Backcountry Essentials

Besides your basic equipment, it’s important to stay safe and comfortable in the backcountry. Here are the 10 items I never leave home without to make sure I have a great day!

These are a few of my faaavorite things…..

These are a few of my faaavorite things…..

Avalanche Pack- If you’re going to be in snow on a slope, then some basic avalanche gear is required. An avalanche pack should be equipped with an airbag system than can increase your chances of survival should the worst happen. My personal favorite is the Pieps/Black Diamond Jetforce pack. Sure, it’s expensive, but if you plan on traveling by air to ski in the backcountry, this pack will save you time, energy and money in the long run. Powered by an electric fan, this airbag requires only a full battery charge to deploy up to four times (although you should probably head home if you have to deploy it even once). Not only is it technically excellent, but the pack itself is comfortable and convenient, with a back-zip that makes the entire pack accessible, and a specialized front pocket for your probe and shovel that opens quickly. I’m a big fan of the swing arm system which displaces uneven loads across both shoulders. The packs’ tall, narrow design keeps it close to your body so it doesn’t affect your balance while kick-turning up icy slopes. Of course, always practice on low consequence routes when you get a new pack. Once you’ve used it for a season, it will become a part of you!

Beacon- Seriously, never leave home without this! And the knowledge to use it. There are a ton of great beacons out there with a lot of features. If you are new to avalanche territory, I suggest getting a simpler beacon and getting really good at using it. Make sure that you PRACTICE with it multiple times per season. My favorite easy-to-use beacon is the Tracker2 from BCA. Excellent for single burials, but requires a bit more skill for multiples. This season there is a new Barryvox from Mammut. With a ton of features, and the option to use an analog setting, this beacon delivers every tool available to help you in a search. Don’t forget: Practice makes perfect!!

Layers- Multiple layers is always the key to keeping comfy in any outdoor situation. My favorite mid-layer is my Melanzana hoodie. Lightweight and warm, this thing stands the test of time and is thin enough to layer up perfectly! I also carry a Primaloft puffy for ultimate warmth, plus I can pack it down into a small corner of my pack. If this thing gets wet, no worries! The synthetic fill will still insulate me.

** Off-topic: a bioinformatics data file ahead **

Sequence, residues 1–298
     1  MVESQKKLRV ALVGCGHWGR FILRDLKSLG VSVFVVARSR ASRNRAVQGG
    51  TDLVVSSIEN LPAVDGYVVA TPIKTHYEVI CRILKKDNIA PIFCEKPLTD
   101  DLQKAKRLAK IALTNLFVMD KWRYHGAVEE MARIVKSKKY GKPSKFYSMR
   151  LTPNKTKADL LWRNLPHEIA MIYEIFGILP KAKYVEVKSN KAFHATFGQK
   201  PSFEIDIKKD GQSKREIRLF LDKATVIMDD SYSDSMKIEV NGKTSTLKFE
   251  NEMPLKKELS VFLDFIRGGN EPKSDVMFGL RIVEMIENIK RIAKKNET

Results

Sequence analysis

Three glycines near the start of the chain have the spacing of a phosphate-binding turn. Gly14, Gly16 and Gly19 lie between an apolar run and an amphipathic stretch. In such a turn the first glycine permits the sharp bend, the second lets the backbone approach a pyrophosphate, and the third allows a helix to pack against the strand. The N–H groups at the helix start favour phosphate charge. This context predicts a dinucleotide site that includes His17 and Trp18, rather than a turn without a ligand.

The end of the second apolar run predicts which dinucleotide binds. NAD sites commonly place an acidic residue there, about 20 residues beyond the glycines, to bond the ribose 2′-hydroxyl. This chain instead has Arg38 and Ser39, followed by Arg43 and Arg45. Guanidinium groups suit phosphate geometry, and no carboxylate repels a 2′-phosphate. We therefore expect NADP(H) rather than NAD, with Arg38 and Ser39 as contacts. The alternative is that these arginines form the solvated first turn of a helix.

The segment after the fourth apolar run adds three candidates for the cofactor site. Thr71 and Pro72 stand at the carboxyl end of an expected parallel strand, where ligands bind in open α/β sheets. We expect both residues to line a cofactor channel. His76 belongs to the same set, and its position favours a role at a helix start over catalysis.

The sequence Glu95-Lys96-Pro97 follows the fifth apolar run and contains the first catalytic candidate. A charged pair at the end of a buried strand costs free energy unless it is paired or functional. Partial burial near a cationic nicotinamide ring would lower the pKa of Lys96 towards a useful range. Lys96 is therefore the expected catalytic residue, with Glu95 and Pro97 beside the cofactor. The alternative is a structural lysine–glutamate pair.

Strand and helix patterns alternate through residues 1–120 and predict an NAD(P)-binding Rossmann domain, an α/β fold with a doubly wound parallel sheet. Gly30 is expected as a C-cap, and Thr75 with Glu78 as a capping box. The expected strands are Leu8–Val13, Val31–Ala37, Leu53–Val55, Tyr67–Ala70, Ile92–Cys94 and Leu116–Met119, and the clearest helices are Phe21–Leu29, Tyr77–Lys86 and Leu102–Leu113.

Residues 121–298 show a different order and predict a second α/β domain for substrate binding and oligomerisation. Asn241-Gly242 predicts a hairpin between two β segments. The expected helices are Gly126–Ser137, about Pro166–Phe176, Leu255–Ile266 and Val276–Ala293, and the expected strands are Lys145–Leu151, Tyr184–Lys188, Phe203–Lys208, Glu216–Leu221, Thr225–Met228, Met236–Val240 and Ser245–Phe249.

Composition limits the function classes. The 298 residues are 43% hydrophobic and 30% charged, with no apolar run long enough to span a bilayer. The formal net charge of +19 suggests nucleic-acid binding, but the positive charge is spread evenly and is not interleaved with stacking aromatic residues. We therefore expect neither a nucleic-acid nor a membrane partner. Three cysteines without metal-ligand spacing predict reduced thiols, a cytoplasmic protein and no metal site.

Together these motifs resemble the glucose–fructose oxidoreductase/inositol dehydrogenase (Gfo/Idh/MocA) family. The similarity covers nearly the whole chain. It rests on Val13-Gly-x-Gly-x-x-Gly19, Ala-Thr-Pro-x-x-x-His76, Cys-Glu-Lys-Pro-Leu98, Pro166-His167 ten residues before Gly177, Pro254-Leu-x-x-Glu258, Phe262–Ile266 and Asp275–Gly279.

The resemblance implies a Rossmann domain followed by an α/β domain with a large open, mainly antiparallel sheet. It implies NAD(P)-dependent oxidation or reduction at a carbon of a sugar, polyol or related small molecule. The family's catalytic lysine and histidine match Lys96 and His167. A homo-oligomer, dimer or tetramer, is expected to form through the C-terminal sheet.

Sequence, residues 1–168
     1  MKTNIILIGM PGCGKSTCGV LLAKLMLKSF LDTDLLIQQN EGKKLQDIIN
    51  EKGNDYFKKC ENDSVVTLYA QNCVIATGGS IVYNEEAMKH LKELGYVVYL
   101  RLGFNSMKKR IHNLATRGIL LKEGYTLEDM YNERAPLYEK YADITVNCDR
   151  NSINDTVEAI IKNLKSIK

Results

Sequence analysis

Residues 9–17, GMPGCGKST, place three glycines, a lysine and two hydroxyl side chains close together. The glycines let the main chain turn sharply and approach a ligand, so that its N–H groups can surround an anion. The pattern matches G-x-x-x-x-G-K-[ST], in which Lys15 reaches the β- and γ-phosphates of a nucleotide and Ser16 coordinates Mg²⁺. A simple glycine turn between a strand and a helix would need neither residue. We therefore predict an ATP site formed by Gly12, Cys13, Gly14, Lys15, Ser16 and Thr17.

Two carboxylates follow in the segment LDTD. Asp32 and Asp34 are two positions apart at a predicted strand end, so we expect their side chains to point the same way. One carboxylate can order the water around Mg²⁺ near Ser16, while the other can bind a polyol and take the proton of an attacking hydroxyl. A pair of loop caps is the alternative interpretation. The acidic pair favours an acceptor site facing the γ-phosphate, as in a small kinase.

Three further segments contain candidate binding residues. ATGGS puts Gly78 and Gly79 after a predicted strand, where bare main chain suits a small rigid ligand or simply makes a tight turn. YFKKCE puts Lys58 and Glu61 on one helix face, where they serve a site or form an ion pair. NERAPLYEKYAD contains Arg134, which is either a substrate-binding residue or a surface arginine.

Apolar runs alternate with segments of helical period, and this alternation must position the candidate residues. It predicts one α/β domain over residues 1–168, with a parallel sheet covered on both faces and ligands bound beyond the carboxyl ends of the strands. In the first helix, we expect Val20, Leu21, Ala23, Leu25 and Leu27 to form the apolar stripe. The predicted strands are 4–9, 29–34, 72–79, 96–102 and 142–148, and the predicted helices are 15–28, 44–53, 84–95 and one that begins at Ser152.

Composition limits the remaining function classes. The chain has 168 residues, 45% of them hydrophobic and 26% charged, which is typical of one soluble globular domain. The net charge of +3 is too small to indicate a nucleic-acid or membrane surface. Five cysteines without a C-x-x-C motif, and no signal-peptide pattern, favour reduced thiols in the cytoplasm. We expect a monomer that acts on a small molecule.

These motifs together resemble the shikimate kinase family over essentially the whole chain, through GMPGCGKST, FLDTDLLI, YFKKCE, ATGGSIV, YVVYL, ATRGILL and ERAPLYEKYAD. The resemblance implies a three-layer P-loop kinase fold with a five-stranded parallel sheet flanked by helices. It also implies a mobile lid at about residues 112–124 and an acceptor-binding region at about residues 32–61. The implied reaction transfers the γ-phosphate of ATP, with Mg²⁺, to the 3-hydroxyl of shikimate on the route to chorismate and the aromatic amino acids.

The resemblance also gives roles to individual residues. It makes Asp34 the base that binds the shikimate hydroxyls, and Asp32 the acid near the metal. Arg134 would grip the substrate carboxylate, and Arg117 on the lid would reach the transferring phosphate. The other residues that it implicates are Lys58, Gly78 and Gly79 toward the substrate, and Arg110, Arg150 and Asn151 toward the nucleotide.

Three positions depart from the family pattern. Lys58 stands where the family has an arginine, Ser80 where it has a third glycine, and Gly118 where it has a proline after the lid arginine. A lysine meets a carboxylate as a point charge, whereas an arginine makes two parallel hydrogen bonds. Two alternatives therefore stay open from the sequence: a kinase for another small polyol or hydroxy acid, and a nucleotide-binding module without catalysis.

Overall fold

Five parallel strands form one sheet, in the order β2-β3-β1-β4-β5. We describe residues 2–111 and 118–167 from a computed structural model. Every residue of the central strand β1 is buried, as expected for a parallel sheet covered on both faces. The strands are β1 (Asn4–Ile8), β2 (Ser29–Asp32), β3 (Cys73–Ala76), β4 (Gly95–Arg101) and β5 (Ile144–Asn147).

Beanie- I’m a little biased, but I never go anywhere in the winter without my LahLah Boombox Beanie. Its important to stay aware in the backcountry, so I don’t always use the speakers. But when I’m hiking a well-protected, established skin-track or going for a flatland cruise, I love having some background music to keep me moving and stoked! Since the speakers aren’t jammed in my ears like headphones, I can still hear whats going on around me. It’s like adding a soundtrack to a ski movie- starring myself!!

Water-Hydration, hydration, hydration! I know you’ve heard it a million times, but the ability of water to improve and maintain your performance cannot be overstated. Tired on the skin track?Drink water. Altitude got your head pounding? Drink water. Broken arm? Seek medical help and drink water. I prefer to store my H2O in a Platypus bottle, since its easy to squeeze into a pack. Always be aware of keeping your water from freezing, this may mean wrapping it in your extra layers to insulate it or placing it next to a thermos of coffee or tea.

Snacks- This is mostly a matter of preference, but at the very least, make sure you carry a little protein, some fast carbs and sugar. My go-to is Clif bars, Honey Stinger gels and your basic trail mix. Im also a big fan of a small thermos of sugary tea, like honey ginger. If your going to pack gummies and bars, make sure they don’t freeze, so you don’t end up spending more time chewing than skiing. Always pack more than you think you need, in case you end up burning extra calories during a rescue.

Buff-The versatility of a buff makes it an important piece of equipment, and way too cheap to just carry one! From face mask to sweatband to handkerchief, there is nothing it can’t accomplish. My favorite combination is to pull it headband-style over a ball cap on a sunny hike. This way, your ears stay warm, your hats stays in place, and your hair stays off your neck, ventilating you as you climb. We have some pretty nice ones available in our online shop, why not grab a couple to keep in your pack?

Skin Wax- On a warm and squishy day, these little purple blocks are as valuable as gold! Glop Stopper from Black Diamond is an easy rub-on wax that you can treat your skins with at the trailhead and ensure smooth gliding all day. Even still, it’s good to take with you to rack up owed beers from your buddies cursing about the sticky snowballs affixed to their skins. Sign of a pro.

Extras-Because anything can happen out there, you should bring some extras of certain items. I already mentioned snacks and buffs, but add in gloves, goggles, layers for upper and lower body, socks and water. If you aren’t bringing extra layers, make sure that you’re wearing wool or synthetic that will continue to insulate even when wet. A bad day can be easily avoided by the ability to stay dry and warm.

Reward Beer- At the end of a day in the backcountry, it’s important to reward yourself for a safe adventure with a tasty beverage waiting at the bottom!!

What are your favorite backcountry accessories? Leave a comment below!

Great preparation=Great day!

Great preparation=Great day!